Thursday, February 15, 2018

Chris Rock says we need bullies.

Right here he says it.

In the only language Chris Rock understands -- because it's the only language he speaks -- I reply, "fuck you, motherfucker."

I really, really want to add a few instances of the n-word in there, because that word is punctuation to him (and to several other black comics, for reasons that escape me. I get reclaiming a slur, but I'll never understand repetition of the slur for the sake of repetition).

Apologies if you find this racist fuck funny. I don't. I never have.

This is Rock's vision of what school is, or ought to be, shorn of its needless profanity:

We need bullies. gonna have a school without bullies? Bullies do half the work. Teachers do one half, bullies do the whole other half. And that’s the half you’re gonna use if you’re a...grownup. Who [cares] if you can code if you cry because your boss doesn’t say ‘Hi’? You think people were nice to Bill Gates in high school? “Hey, Gates, you Charlie Brown–looking [.....]!" 

In school as in life, there are bullies, the bullied, and bystanders. Three guess which category Chris Rock belonged to. Because nobody who was ever bullied would say it made them great.

I've gone on at far too much length elsewhere about how I was bullied. Suffice it to say this: I have two friends on Facebook who personally witnessed some of the worst of it. One was my grade five teacher. The other was one of the very few people who treated me at all decently that year. That latter woman has gone on record expressing amazement I didn't bring a gun to school and even the score a little. This is a woman who abhors crime of all kinds even more than most of us do; that she'd say that actually knocked me back a step.

Why didn't I? Bring a gun to school and start shooting? I won't lie and say the thought never crossed my mind. But it crossed fleetingly and was driven out so fast it might have been on wheels. Why?

It sure as FUCK wasn't the bullies.

Rather, it was -- part of it was -- the teachers, especially the aforementioned Mr. Sackville, who was the kind of teacher they make biopics about. He sheltered me as much as anyone could, and what's more he made sure to build me up each time I got knocked down. He did this to everyone, it's just who he was (and is).

I had a cop for a father; I knew what would happen to me if I so much as brandished a gun around school. But...

Here's Rock again:

Pressure makes diamonds. Not hugs. Hug a piece of coal and see what you get. You get a dirty shirt.”

He's on to, well, something here. Coddling kids, teaching them they can't fail, buying them whatever they want whenever they want it, and on and on and on...not helpful. Rock is right that the world is full of assholes and you'd better learn to deal with them right quick or you'll spend your life huddled in fear.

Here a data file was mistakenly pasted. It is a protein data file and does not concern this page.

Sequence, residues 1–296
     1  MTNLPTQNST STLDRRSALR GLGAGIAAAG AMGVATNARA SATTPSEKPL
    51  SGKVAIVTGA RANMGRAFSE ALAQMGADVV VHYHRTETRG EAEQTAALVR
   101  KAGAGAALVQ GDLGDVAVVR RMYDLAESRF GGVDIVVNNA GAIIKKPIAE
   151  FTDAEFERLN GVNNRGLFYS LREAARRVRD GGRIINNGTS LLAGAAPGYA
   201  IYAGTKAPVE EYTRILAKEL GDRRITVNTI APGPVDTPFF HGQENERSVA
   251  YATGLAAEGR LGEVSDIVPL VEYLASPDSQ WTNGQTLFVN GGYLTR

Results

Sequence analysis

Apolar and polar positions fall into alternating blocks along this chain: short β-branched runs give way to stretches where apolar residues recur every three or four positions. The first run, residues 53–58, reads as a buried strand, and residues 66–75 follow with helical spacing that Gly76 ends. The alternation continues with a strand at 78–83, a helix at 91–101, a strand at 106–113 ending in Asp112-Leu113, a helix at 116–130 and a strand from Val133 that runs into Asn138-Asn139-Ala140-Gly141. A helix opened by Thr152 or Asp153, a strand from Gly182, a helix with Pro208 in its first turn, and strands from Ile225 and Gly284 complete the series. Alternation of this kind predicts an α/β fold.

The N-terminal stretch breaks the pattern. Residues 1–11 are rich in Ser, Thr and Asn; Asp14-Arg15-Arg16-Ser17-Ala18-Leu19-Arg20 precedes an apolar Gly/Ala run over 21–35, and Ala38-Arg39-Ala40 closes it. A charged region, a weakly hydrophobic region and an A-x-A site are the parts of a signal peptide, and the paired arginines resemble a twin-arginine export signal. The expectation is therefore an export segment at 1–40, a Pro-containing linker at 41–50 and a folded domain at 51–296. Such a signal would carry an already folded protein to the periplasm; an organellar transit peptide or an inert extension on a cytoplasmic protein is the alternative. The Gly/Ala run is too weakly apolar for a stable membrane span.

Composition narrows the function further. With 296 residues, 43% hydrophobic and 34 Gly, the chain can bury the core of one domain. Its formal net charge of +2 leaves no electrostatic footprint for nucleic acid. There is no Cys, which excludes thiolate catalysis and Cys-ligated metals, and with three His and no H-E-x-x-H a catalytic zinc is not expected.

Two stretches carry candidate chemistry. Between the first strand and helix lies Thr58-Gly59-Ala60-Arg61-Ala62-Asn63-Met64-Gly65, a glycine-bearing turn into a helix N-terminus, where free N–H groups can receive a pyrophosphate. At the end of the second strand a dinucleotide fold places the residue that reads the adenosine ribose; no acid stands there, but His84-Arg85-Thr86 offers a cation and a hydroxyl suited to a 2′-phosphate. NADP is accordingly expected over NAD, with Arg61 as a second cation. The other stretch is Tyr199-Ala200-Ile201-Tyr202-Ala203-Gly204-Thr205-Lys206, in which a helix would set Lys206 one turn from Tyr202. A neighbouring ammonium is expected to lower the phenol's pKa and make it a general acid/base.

Bullies are one way to learn. They're FAR from the most effective.

A little secret about the bullies who aren't out-and-out psychopaths: they're more insecure than the people they bully.  The only way they've learned to feel good about themselves is to make others feel bad about THEMselves. Be that as it may, when your glasses are being broken, it's hard to see the difference between the psychos and the they-tread-on-me-so-I'm-a-gonna-tread-on-yous.

There are other kinds of PRESSURE, Mr. Rock. Yes to consequences; they exert their own pressure and mould you for a world run by them. An emphatic FUCK NO to senseless acts of violence. Build me up, but don't allow me to "succeed" without effort on my part. Hello? Happy Medium? Please pick up a white courtesy phone.

I think I know the root of this attitude he's got.

“[O]nly women, children, and dogs are loved unconditionally,” whereas “a man is only loved under the condition that he provide something. I’ve never heard a woman in my life say, ‘You know, after he got laid off, we got so much closer.’” After all, when a man meets someone new, his friends ask, “What does she look like?” When a woman meets someone new, her friends ask, “What does he do?” 

I echo many undervalued, underpaid (and often overworked) people much younger than me when I say A MAN IS NOT HIS JOB. (Neither, for that matter, is a woman). A job is what you do to pay bills. A job is where they pay you to get out of bed and go be with friends for the day. A job is something to take pride in, for sure, even if it's menial (sometimes especially if it's menial)...I just know that many of the people who look down on me because I work as a stocker at Walmart wouldn't last a week doing the job I do. Or if they did, they wouldn't do it half as well.

It's a pity Rock has never heard a woman say something like "after he got laid off, we got so much closer." Because Eva said that, once. Pretty sure it's something Kathy might say, if god forbid it happens to me again.

In fact, there isn't a woman IN my life who doesn't at least have the capacity to say something like that. I am loved for who I am. AND for what I do.

What do I do? I give people a safe space to be themselves. To grow (or not). To become the next greatest version of the grandest vision ever they had about who they are, should they choose. I love them as close to unconditionally as I can, and I demonstrate that love as many ways as I'm allowed to.

There are people who are better at certain things than I am. Many people, many certain things. That doesn't make them better people. I am better at certain things than some people. That doesn't make ME a better person, either. This notion of better or worse is at the root of bully culture: for me to win, you must lose.

I reject that. I reject that UTTERLY. And I reject Chris Rock for saying it.

"We need bullies?" Bull(y)shit.

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